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Séminaire de Mme Akiko Takemura, prof de National Institutes for the Humanities of the National Institute for Japanese Language and Linguistics - Date : jeudi 14 mars 2013, 14h00 - Lieu : salle "seminar", 9ème étage, Institut MICA, Hanoi University of Science and Technology
Mme TAKEMURA Akiko, National Institutes for the Humanities of the National Institute for Japanese Language and Linguistics
Date : jeudi 14 mars 2013, 14h00
Lieu : salle "seminar room", 9ème étage, Institut MICA, bâtiment B1, Hanoi University of Science and Techology
Interprète traducteur : le séminaire sera présenté en anglais
This research presents an ongoing tonal change in the Kagoshima dialect of Japanese (KJ). KJ has a prosodic system that is quite different from that of Tokyo Japanese (TJ), the standard dialect. KJ has four characteristics: (i) a syllable-based prosody, (ii) a two-pattern lexical tone system, (iii) the phonological word as the tone domain, and (iv) a tone preservation rule in compound words.
While TJ has a free-location pitch accent system, KJ has a two-pattern tone system: each lexical word, irrespective of its length or lexical category, belongs to one of the two categories A or B. Tone A words have a High tone on their penultimate syllable, while Tone B words have a High tone on their final syllable. Contrary to TJ, where the accent (=High tone) location is fixed, the location of the High tone in KJ can shift to the right as clitics are attached, since the tonal domain is the prosodic word and not the lexical word.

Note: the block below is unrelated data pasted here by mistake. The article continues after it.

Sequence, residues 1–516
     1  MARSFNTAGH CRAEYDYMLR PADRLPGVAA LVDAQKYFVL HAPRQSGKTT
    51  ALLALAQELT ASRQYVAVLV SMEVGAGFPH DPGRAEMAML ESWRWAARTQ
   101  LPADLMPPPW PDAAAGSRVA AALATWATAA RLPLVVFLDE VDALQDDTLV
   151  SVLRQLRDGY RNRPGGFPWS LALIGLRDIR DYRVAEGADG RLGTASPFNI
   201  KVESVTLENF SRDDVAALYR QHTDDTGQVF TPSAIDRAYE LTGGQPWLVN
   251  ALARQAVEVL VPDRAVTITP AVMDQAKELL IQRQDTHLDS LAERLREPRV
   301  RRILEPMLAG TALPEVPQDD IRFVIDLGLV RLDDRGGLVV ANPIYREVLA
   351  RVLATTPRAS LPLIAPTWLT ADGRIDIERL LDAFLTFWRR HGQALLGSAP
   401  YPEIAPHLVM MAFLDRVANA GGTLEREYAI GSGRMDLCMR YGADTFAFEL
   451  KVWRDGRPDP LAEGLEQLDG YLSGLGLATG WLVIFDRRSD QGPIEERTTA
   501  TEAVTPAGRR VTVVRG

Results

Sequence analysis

(1) Traditional Kagoshima (Tokyo)
Tone A: Isolation ta.be.mó.no (ta.bé.mo.no) ‘food’
With clitics ta.be.mo.nó-ga (ta.bé.mo.no-ga) ‘food-NOM’
Tone B: Isolation no.mi.mo.nó (no.mí.mo.no) ‘beverage’
With clitics no.mi.mo.no-gá (no.mí.mo.no-ga) ‘beverage-NOM’
It has been reported that there is an ongoing tonal change in words in isolation and in compounds, but NOT when clitics attach (Kubozono 2006, 2007). Our data shows, however, that this change is also taking place in words followed by clitics in the case of younger KJ speakers. Thus, while the High tone traditionally shifts to the right when clitics attach (1), we found that the High tone now tends to remain on the same syllable of the lexical word (2).
Innovative Kagoshima (Tokyo)
(2) a. Tone A: ta.be.mó.no →ta.be.mó.no-ga (ta.bé.mo.no →ta.bé.mo.no-ga)
b. Tone B: no.mi.mo.nó →no.mi.mo.nó-ga (no.mí.mo.no →no.mí.mo.no-ga)
We suggest that this tonal change is the result of the influence of TJ, where the position of the accent (=High tone) is fixed. The resulting patterns fall outside the limits imposed by the traditional two-pattern tone system of KJ, where the location of the High tone is prohibited in positions other than ultimate or penultimate. This tonal change in progress observed in KJ significantly departs from the traditional system and indicates the existence of an ongoing strong influence of TJ.
Kubozono, Haruo. 2006. Akusento no hōsoku [Rules of Accent]. Tokyo: Iwanami shoten.
---------------------- 2007. Kagoshima no akusento henka: Fukugō hōsoku no hōkai [Tonal change in Kagoshima dialect: Destruction of compound rule]. Kobe Papers in Linguistics 5: 111-123.